Wilma Gus, a member of the NIC faculty (Adult Basic Education), finds a photo of herself from the NIC time capsule, sealed in October 1994 at the opening of the campus. PHOTO COURTESY NIC

North Island College time capsule opened

25 years of memories revealed when capsule opened in NIC’s Port Alberni campus

North Island College’s Port Alberni campus was thrust into the past on Nov. 5 when president John Bowman opened a time capsule that was sealed 25 years ago.

More than two dozen people, including the NIC president, faculty members, eight 25-year veterans of the college and community partners gathered in the foyer of the Roger Street facility to see what was inside the capsule. The opening concluded the college’s regional planning forum.

“When they took the lid off the time capsule they were pulling out all these envelopes,” said Elizabeth Young, part of the communications team at North Island College. “There were some things like a BC Tel telephone book.”

The time capsule was incorporated into the design of the foyer, with a plaque inside the front doors the only visible sign that a time capsule was there. It was sealed on opening day Oct. 18, 1994 by NIC president at the time, Dr. Neil Murphy, with the inscription, “Open on Oct. 18, 2019.”

“That 25 years went by so fast,” Young said. “We have staff who are still teaching there, like Dr. Michael Catchpole. A research paper that Dr. Catchpole did was actually in the time capsule.”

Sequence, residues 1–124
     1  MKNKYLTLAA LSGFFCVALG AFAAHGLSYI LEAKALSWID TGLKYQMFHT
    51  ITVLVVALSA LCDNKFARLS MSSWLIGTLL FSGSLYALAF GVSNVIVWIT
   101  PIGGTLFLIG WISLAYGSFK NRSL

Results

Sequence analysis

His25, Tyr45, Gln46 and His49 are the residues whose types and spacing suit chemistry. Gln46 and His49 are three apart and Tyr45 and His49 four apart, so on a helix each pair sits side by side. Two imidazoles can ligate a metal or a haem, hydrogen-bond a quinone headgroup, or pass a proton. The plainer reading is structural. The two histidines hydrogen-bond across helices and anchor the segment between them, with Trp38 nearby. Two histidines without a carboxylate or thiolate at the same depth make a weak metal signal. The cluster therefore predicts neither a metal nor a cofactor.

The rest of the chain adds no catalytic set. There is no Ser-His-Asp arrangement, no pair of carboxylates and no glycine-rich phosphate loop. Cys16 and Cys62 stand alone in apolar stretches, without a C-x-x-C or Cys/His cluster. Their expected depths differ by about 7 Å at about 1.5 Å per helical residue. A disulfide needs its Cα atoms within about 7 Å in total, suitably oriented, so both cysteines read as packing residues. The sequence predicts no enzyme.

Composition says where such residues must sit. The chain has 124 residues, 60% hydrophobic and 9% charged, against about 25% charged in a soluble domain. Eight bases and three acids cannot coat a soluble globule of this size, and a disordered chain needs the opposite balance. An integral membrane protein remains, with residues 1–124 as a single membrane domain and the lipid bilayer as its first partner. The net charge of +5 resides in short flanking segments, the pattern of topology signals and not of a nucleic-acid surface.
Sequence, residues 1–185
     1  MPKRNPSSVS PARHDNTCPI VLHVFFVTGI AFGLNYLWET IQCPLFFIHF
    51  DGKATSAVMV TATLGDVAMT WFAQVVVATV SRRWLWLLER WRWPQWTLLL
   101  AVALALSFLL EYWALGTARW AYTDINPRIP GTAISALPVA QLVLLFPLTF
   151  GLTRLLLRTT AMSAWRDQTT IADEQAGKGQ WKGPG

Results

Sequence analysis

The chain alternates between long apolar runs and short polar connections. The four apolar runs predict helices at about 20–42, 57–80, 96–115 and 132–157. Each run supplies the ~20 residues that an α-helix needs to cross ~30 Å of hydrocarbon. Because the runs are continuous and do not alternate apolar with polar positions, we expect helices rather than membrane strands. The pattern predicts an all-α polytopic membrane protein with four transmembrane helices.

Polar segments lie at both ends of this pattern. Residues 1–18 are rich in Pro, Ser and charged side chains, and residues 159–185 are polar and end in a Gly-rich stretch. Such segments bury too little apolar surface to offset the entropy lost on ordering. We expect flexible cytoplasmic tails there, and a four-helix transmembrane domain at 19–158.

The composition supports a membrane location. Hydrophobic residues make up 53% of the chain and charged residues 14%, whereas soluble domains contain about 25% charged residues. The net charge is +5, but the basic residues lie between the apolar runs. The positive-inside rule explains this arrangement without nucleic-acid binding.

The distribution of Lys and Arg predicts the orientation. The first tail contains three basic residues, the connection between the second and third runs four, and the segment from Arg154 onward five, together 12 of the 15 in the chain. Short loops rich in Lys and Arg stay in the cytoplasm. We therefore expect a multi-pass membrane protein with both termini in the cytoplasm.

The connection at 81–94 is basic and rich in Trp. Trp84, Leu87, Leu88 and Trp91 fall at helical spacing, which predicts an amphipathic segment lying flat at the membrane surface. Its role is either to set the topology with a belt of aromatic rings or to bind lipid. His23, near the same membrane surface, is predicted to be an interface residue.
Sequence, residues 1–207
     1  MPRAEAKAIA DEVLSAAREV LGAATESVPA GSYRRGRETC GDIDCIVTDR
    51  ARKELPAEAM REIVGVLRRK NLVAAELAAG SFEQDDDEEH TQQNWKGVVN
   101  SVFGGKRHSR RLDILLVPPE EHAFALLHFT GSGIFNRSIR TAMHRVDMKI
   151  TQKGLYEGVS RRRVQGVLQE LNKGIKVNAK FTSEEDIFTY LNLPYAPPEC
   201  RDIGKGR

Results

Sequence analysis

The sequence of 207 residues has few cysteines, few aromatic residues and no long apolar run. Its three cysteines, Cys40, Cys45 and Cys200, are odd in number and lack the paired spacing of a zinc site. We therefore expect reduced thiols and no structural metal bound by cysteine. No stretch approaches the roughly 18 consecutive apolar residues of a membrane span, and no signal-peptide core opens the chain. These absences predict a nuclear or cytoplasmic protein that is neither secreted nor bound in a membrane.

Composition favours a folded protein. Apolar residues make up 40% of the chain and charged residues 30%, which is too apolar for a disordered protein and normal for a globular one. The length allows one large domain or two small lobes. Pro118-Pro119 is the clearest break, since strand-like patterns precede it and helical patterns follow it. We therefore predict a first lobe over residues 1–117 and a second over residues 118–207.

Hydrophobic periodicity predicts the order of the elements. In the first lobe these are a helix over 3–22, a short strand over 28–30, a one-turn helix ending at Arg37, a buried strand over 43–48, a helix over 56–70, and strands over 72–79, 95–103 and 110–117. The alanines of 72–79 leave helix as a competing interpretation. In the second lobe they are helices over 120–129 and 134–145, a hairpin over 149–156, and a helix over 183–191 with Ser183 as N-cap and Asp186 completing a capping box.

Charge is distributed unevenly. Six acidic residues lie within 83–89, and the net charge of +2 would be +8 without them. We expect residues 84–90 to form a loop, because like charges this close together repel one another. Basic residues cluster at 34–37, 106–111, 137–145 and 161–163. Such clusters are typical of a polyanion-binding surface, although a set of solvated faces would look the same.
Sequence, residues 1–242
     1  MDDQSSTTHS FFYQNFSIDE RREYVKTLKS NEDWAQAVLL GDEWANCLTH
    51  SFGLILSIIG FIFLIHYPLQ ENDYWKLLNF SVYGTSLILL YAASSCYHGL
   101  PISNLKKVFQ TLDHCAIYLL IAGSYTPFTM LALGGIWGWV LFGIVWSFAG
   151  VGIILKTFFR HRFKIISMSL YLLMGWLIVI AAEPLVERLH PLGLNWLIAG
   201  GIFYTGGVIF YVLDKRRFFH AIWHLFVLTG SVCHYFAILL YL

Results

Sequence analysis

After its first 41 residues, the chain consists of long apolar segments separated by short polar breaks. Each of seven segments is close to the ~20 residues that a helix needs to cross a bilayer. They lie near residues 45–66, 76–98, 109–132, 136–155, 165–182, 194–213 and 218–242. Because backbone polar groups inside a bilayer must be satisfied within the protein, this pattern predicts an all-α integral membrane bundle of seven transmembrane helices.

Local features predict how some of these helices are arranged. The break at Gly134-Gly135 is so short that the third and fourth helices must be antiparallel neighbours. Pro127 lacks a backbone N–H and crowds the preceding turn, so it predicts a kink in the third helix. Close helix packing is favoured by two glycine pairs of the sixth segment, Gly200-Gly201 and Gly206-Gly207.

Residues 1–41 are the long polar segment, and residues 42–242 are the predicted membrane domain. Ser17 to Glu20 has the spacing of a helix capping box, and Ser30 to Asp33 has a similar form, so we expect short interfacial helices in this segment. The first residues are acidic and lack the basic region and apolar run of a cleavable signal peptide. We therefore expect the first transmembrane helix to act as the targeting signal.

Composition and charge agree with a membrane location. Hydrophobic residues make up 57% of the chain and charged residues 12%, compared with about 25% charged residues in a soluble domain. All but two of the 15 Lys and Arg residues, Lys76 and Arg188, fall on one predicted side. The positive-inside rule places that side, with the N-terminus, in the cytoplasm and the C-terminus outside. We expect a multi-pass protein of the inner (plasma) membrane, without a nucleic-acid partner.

Other items included in the time capsule were photos and speeches from the official opening, newspaper articles about the college from 1994, the NIC community education calendar, lapel pins, business cards, the BC Tel phone book and a fall and winter Sears catalogue.

“What I saw (in the photos) was the range of community groups that were there to celebrate us coming into the community,” said Lynne MacFadgen, NIC’s regional director of continuing education and training.

The MLA at the time was there, as were the City of Port Alberni, Alberni-Clayoquot Regional District representatives, First Nations, MacMillan Bloedel, parks and recreation members, Rollin Art Centre and childcare society representatives. “That shows they were strong supporters.

“People say 25 years is a generation. What a commitment for faculty and staff to be still as engaged in education delivery in our college,” MacFadgen added.

“We have strong roots in our community college, then and now. It’s been said a people with knowledge of their past history, origins and culture is like a tree with strong roots. From the Port Alberni time capsule contents and the number of people who came out to celebrate with us, I would say NIC has deep roots.”

Dr. Michael Catchpole has been teaching at NIC’s Port Alberni campus for 25 years, and has been with the college for 41 years. He is a professor of psychology and is also a pioneer of the college’s distance education program.

Catchpole talked at the opening of the time capsule of the successes the college’s distance ed program has seen. He wrote a paper 25 years ago for the American Journal for Distance Education and included a copy of the paper in the time capsule.